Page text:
Environmental control

    Multi-day, time lapse, and live cell assays can be run using the onboard environmental system with options for humidity, CO2, and O2 control. Optimized to prevent z-drift, the software also provides real-time monitoring of environmental state, ensuring optimal assay conditions.

Experience the powerful combination of the ImageXpress Pico and CellReporterXpress

 

 

 

 

 

Tailored laboratory automation solutions with robotics, incubators, and software

 

The research environment is constantly changing and today’s scientists require simplified remote access and enhanced laboratory automation. Increased productivity, reduced costs, and consistent performance are all available when combining the ImageXpress® Pico Automated Cell Imaging System with the S-LAB™ plate handler from PAA, and the SCILA incubator from Inheco*.

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ImageXpress Pico Automated Imaging

See the Automated ImageXpress Pico workflow in action

 

 

Applications of ImageXpress Pico Automated Cell Imaging System

  • Apoptosis Analysis

    Apoptosis Analysis

    Apoptosis is a process of programmed cell death important to a number of biological processes including embryonic development and normal tissue maintenance. Disruption in the regulation of apoptosis has been implicated in various diseases including cancer. Biochemical events lead to characteristic changes in cell morphology such as cell shrinkage, nuclear fragmentation, chromatin condensation, and mRNA decay, and ultimately cell death. Apoptosis can be initiated via the intrinsic or extrinsic pathways, and both pathways induce cell death by activating caspase enzymes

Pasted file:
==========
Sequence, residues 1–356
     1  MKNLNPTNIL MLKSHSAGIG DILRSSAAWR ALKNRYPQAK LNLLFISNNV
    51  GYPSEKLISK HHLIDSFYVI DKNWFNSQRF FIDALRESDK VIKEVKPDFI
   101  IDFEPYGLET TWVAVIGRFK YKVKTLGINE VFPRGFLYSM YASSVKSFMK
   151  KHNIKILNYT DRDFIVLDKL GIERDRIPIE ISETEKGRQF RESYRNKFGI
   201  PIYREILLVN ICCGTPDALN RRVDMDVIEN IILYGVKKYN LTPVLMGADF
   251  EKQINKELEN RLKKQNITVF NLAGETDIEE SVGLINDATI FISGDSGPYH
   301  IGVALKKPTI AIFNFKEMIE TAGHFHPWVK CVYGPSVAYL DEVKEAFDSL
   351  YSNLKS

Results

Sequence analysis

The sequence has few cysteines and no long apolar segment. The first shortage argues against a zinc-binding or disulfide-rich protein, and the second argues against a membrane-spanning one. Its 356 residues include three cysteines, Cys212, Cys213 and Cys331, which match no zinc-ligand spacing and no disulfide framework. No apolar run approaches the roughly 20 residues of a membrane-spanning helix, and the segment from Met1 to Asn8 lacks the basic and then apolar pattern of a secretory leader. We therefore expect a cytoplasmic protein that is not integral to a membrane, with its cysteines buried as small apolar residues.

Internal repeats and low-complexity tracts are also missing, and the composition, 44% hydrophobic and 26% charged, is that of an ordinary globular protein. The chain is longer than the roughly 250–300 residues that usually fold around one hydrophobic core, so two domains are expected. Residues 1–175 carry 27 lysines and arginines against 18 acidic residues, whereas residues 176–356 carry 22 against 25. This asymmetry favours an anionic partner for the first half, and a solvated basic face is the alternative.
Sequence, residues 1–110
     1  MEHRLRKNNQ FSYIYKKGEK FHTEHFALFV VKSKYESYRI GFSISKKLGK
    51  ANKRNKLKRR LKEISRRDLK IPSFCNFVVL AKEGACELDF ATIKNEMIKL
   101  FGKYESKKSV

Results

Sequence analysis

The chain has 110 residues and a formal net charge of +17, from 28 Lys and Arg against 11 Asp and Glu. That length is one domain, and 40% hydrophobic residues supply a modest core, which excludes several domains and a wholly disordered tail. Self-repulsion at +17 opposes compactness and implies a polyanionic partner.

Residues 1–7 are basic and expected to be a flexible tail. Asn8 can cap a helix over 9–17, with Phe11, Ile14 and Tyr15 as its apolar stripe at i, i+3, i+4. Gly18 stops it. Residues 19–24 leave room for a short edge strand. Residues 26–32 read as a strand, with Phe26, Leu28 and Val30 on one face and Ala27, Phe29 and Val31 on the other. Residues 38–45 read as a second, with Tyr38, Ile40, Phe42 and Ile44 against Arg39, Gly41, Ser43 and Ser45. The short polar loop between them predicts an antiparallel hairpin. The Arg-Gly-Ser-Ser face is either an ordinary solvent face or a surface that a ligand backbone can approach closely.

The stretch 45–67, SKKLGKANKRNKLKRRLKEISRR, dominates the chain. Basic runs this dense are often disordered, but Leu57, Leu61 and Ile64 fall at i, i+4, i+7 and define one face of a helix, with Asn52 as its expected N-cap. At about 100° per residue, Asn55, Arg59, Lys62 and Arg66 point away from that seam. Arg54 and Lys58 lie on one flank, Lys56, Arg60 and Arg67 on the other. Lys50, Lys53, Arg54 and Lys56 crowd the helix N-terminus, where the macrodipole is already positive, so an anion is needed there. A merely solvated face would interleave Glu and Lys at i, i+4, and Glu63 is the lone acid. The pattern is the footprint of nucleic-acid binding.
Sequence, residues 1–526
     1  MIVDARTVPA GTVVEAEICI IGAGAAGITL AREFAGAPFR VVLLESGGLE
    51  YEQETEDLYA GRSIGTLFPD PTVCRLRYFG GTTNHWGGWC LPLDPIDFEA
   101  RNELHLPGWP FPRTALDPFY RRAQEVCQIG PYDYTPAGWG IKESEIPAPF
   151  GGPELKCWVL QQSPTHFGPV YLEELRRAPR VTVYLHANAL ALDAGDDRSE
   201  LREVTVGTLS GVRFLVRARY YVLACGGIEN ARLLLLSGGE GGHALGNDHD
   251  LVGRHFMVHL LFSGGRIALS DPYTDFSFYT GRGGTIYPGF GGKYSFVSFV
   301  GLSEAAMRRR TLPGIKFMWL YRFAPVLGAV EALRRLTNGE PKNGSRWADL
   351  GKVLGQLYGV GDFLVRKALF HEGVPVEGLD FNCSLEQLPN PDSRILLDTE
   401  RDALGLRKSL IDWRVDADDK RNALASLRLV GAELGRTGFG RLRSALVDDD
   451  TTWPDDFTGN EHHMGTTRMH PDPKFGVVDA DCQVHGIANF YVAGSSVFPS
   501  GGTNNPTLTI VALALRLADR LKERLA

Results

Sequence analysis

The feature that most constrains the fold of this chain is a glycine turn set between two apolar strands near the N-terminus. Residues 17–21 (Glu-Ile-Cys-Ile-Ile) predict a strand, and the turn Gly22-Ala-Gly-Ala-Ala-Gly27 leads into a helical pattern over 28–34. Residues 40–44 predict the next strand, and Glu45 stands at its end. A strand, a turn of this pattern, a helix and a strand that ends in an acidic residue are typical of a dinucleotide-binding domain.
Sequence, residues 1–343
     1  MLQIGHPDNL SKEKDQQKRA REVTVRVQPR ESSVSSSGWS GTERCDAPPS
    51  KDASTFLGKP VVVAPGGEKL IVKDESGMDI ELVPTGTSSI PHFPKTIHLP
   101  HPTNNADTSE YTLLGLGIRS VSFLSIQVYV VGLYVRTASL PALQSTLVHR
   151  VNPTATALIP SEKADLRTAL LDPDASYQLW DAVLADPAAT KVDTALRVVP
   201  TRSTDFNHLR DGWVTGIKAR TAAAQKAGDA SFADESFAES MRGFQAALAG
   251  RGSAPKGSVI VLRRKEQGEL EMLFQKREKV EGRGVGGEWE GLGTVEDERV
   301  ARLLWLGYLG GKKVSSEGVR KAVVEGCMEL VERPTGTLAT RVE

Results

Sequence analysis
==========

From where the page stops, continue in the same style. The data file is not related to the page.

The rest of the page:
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    Cancer Research

    Cancer Research

    Cancer researchers need tools that enable them to more easily study the complex and often poorly understood interactions between cancerous cells and their environment, and to identify points of therapeutic intervention. Learn about instrumentation and software that facilitate cancer research using, in many cases, biologically relevant 3D cellular models like spheroids, organoids, and organ-on-a-chip systems that simulate the in vivo environment of a tumor or organ.

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  • Cardiomyocytes

    Cardiomyocytes

    Stem cells differentiated into cardiomyocytes are used to screen early for potential toxicological effects of drugs, thus helping to avoid investment in development of drugs which will fail in clinical trials due to cardiac toxicity.

    Cell Counting

    Cell Proliferation

    Cell counting is fundamental and critical to numerous biological experiments. Assays such as drug compound toxicity, cell proliferation, and inhibition of cell division have a need to assess the number or density of cells in a well. Automated imaging can greatly speed up the cell counting process while reducing manual labor and human errors. Cells can be counted using a variety of methods, such as label-free cell counting under transmitted light or detection of nuclear dye with fluorescent imaging.

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  • COVID-19 and Infectious Disease Research